Just Read: Personal Kanban

I’ve previously told you about my experiences of Personal Kanban (PK), at work and at home. I recently got the opportunity to borrow the book, Personal Kanban by Jim Benson and Tonianne DeMaria Barry, from a good friend and it did not disappoint.

Immediately notice the book’s subtitle “Mapping Work | Navigating Life”, because that gives an excellent insight into the mindset of the authors! The book takes you through the basics of PK such as its keystones of visualizing your work and limiting your work in progress. It continues with describing how to create your own Kanban board, with a value stream and backlog, and sends you off ready to start pulling tasks!

Further topics include optimizing flow vs. capacity, slack, push vs. pull, the horrors of to-do lists and the need to continuously refine your own PK process. You’ll learn about swim lanes, additional value streams, the PEN, and more. But if you only take these concrete subjects with you, you’ve missed the whys of the book.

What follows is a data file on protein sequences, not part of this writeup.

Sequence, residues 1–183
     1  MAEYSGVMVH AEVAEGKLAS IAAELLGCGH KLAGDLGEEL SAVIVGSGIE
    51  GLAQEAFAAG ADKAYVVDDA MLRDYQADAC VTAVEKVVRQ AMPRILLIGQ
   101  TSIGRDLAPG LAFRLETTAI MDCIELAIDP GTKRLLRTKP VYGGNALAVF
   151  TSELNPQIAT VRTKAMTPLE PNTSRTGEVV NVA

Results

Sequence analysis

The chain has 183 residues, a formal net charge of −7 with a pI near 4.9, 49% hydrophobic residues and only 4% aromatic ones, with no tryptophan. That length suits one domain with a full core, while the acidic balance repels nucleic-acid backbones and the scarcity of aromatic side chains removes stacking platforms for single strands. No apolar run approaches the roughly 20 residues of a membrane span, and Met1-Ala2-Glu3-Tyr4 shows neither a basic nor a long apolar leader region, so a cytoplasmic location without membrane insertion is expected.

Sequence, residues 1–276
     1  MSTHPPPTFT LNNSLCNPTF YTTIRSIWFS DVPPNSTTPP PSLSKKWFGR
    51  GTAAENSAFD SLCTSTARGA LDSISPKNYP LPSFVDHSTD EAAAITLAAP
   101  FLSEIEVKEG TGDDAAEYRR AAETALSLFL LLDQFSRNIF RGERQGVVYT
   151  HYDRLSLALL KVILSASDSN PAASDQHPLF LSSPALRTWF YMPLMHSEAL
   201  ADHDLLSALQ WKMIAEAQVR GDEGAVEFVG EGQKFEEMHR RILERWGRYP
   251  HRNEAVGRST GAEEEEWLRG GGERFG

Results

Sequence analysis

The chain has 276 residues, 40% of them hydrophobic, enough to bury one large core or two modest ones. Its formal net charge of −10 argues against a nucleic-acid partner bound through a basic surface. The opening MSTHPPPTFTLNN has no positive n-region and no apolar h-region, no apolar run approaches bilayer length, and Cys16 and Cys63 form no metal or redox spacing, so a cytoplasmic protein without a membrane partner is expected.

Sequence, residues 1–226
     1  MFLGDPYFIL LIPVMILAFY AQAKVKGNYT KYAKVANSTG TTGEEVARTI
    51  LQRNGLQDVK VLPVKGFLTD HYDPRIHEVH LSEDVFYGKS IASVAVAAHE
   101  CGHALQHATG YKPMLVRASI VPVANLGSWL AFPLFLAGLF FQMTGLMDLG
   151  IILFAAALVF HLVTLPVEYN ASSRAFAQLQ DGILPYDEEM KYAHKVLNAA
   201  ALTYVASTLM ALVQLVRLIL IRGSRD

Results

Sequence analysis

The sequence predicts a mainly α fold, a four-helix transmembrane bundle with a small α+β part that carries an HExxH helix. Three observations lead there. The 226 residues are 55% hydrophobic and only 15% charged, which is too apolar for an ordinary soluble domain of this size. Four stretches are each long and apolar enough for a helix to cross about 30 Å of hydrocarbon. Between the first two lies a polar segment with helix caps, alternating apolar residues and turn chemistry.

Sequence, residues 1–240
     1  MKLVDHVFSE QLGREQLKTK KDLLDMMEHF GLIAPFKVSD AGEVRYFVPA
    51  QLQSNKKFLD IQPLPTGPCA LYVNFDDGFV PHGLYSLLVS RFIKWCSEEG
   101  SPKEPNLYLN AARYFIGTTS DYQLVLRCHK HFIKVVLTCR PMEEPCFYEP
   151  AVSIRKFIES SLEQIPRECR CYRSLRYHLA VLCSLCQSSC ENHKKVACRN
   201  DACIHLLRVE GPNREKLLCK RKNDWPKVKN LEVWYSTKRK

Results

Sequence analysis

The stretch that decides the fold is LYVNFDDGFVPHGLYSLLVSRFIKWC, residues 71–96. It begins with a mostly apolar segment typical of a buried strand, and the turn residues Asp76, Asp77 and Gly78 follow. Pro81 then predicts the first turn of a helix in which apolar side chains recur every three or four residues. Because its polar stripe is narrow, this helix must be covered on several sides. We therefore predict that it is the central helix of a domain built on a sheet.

Existential overhead for example, is something you will immediately recognize: You know “in the back of your head” that there are a million things you need to do. You don’t know exactly what they are or when you’ll do them, but they are there, right? PK helps you minimize existential overhead by visualizing and mapping the work ahead of you into something the authors like to call a narrative. Could it be possible that your organization suffers from existential overhead? How do you think your developers feel about that technical debt they know exist all across the code base?

Another interesting subject, is the Ziegarnik Effect, which is the strong propensity for humans to remember incomplete tasks over completed ones. We simply need to have closure on those things we have started, and with PK we get this in a very strong manner: by moving the PK cards to that final column on the board that emanates success: DONE!

This book is full of life and examples of how PK helped people in various situations and that gives it a very humanistic tone. Not only does it teach you everything you need to know about PK as a method, it follows up with why it is such a good method and how it will affect your life. This book is a must have for Agile exponents and anyone who likes to get things done with effectiveness.